Enabling Organization Agility: A Tale of Two Kristyns

Kristyn Silk
There are two Kristyns.  The first worked at a large, well-respected firm, did her job competently, but nothing extraordinary.  The second Kristyn is extraordinary. She is unemployed, and a volunteer Producer/Director of “The New England Job Show”.  It is a new cable program to help people find work, produced, directed and run buy people out of work.  Articles have been been written about the show and carried by the Associated Press.  Good Morning America, Chronicle and Fox are planning to do pieces on the show.  There is interest in expanding the program to help more people statewide. Kristyn is a masterful networker, connecting people everywhere she goes, always looking for new possibilities.

They are both the same Kristyns, only separated by about 5 months.

So what’s different?   If she were to get a job tomorrow, would Kristyn go back to her cube, keep her head down and do her job?

I doubt it.  I don’t think you’ll ever see Kristyn in a position where she’s unable to make a difference in the world again.  Ever.

I asked her what was different.  In her previous job, she’d tried to make things better, but never got much support to make the changes she wanted to make.  There was a lot of talk about change, but nothing changed. When she was laid off, she realized she had to do something special to get noticed.  And she did.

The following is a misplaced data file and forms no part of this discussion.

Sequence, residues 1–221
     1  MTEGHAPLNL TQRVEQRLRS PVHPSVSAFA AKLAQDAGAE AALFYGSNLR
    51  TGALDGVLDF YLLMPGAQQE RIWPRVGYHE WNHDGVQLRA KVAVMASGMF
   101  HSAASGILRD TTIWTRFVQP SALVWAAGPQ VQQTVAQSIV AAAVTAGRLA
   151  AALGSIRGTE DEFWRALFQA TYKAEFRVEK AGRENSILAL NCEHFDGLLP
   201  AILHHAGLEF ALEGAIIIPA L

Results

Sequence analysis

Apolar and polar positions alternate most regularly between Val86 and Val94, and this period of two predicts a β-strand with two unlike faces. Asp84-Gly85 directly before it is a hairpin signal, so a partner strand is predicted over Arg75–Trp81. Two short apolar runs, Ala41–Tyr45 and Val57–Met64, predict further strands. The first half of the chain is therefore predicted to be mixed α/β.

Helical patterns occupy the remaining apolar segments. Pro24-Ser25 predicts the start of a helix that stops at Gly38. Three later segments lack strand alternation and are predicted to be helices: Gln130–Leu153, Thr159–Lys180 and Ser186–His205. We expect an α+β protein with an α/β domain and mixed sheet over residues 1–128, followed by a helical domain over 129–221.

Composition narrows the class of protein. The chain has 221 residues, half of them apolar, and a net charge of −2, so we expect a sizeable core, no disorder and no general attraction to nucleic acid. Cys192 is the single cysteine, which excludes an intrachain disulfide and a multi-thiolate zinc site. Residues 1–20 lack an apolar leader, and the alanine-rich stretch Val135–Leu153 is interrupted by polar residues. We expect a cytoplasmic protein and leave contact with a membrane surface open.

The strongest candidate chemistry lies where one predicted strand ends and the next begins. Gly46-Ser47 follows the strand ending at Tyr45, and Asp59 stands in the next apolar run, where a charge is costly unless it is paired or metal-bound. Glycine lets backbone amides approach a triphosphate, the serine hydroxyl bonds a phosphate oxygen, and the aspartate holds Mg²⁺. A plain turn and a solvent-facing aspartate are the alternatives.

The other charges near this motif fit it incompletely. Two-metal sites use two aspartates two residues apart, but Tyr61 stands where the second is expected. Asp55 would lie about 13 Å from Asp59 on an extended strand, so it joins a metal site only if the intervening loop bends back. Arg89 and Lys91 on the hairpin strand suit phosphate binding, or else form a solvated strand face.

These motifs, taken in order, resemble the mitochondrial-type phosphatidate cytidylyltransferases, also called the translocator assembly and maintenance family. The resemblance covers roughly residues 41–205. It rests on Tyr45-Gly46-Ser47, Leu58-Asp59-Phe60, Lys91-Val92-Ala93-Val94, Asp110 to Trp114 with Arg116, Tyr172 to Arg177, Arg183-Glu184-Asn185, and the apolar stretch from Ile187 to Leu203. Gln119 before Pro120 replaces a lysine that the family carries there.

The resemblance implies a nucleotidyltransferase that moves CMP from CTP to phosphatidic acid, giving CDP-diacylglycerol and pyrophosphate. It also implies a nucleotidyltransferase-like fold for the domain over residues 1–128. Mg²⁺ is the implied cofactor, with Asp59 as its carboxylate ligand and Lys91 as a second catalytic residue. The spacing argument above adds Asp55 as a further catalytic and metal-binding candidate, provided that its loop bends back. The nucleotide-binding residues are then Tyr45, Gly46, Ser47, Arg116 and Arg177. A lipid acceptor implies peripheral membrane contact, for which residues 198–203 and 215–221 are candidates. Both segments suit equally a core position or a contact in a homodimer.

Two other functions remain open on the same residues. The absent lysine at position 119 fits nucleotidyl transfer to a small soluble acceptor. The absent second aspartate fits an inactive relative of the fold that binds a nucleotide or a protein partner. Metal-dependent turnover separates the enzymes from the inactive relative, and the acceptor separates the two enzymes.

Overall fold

How many of the keep-your-head-down-and-do-your-job Kristyns do you have in your organization who would do extraordinary things with only a bit of nurturing?

For an organization to be truly agile, it is critical to have people who are enabled to give their best.  The next product idea, the killer customer-service model and the next great marketing campaign are probably out there.  You just need to give them room to come out.

In their book a simpler way, Margaret J. Wheatley and Myron Kellner-Rogers write:

Fuzzy, messy, continuously exploring systems bent on discovering what works are far more practical and successful than our attempts at efficiency … They slosh around in the mess, involve many individuals, encourage discoveries, and move quickly past the mistakes  The are learning all the time, engaging everyone in finding what works.  The system succeeds because it involves many tinkerers focused on figuring out what’s possible.

Go find your Kristyns and let them loose.  They are everywhere. And they will make your organization great.

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3 Responses to “Enabling Organization Agility: A Tale of Two Kristyns”

  • Very interesting look at this, and nicely tied into your overall theme. I didn’t know Kristyn at her old job, but I do know her now. I agree that she has probably been able to create more change in the past three months than the previous 10 years. I can relate to that feeling, and I think it is important for job seekers to keep this in mind in their search. If you love making change, look for companies that embrace that philosophy or you may be disappointed.

    As a process improvement guy, I hope to land somewhere that supports the freedom to change the landscape.

  • And of course you can lead the change too. Have you read Tribes by Seth Godin? If not, I highly recommend it.

  • Kristyn now has a full time job.

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